Phenomenology as Description and as Explanation: The Case of Schizophrenia

  • Louis A. Sass


The phenomenological approach in both philosophy and psychiatry has often been characterized as a descriptive rather than an explanatory enterprise. One can understand this statement in various ways. The general idea, however, is that the purpose of phenomenology is to describe and define the nature and varieties of human experience rather than to give an account of the causal mechanisms or efficacious processes that bring it about.

At an early phase of his work, Edmund Husserl (1859-1938) - phenomenology’s founder - did indeed present phenomenology as a purely descriptive approach that excludes all concern with both genesis and causation (Bernet et al. 1993, p. 195). In the classic preface to his Phenomenology of Perception, Maurice Merleau-Ponty (1962, pp. vii-viii) characterizes phenomenology as “a matter of describing, not of explaining or analyzing … (as an attempt) to give a direct description of experience as it is without taking account of its psychological origin and the causal explanations which the scientist, the historian, or the sociologist may be able to provide.” Similar views are common in phenomenological psychiatry and psychopathology. The phenomenological psychiatrist, Wolfgang Blankenburg (1971/1991, p. 4, 27), e.g., explicitly denies that his account of the “basic disorder” (Grundstörung) in schizophrenia is intended to have any etiologic significance; he aims, he says, only to capture the “essence” of typically schizophrenic abnormalities (see also Buytendijk 1987, p. 130).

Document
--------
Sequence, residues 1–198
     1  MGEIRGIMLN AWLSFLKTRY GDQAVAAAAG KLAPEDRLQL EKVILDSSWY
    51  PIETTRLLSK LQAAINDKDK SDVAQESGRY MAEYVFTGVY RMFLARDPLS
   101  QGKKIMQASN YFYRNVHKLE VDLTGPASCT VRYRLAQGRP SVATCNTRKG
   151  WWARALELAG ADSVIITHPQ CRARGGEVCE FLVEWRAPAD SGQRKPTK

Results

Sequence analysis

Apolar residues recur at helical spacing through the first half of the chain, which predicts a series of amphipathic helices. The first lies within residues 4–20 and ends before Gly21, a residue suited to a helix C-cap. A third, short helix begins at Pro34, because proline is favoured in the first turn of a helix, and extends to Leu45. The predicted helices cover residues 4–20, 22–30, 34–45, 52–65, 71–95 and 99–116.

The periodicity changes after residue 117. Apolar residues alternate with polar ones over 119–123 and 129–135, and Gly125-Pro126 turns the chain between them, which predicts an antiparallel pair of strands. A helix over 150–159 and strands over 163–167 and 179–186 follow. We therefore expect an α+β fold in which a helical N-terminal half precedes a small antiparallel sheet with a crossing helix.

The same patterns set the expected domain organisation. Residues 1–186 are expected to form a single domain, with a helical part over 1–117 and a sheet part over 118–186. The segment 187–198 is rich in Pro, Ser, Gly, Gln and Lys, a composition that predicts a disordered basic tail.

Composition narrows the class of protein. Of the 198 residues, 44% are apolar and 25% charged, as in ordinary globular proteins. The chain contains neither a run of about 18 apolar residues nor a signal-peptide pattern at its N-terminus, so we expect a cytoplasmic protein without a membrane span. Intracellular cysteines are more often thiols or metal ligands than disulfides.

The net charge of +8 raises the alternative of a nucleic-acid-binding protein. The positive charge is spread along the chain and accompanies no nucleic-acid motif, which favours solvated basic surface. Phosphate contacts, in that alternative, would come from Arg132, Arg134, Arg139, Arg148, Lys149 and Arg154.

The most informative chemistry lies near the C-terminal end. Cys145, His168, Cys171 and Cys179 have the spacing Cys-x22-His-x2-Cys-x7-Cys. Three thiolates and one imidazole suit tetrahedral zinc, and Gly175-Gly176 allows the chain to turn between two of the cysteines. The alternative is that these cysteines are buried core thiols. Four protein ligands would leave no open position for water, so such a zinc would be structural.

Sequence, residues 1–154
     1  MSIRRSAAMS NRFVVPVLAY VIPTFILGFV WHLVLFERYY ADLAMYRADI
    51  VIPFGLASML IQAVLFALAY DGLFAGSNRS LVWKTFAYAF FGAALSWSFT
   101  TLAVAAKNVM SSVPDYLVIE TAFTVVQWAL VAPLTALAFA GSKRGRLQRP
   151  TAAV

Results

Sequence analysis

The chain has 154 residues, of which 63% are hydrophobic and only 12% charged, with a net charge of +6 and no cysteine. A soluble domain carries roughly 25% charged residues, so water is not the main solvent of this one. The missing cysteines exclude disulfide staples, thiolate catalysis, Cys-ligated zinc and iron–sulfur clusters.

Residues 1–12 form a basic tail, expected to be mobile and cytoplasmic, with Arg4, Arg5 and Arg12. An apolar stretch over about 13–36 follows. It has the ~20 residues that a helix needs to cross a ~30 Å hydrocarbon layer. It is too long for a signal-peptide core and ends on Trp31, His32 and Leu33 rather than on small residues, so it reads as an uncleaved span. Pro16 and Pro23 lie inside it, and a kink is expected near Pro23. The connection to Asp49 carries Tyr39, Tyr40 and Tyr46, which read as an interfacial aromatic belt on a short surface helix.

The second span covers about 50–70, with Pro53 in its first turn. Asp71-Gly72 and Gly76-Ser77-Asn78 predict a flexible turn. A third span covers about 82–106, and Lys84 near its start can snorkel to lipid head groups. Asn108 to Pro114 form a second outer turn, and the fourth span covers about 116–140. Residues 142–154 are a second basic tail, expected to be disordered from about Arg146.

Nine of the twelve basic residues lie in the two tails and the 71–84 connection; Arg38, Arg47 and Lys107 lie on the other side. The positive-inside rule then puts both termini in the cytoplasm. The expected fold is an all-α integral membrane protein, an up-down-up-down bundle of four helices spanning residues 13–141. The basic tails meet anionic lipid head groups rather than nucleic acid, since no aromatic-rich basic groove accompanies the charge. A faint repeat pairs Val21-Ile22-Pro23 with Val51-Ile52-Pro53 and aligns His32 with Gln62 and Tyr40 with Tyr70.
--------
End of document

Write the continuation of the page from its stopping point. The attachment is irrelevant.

Mental Causation Subjective Life Phenomenological Implication Explanatory Relevance Dissociative Identity Disorder 
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© Springer Science+Business Media B.V. 2010

Authors and Affiliations

  • Louis A. Sass
    • 1
  1. 1.Department of Clinical PsychologyRutgers UniversityRutgersUSA

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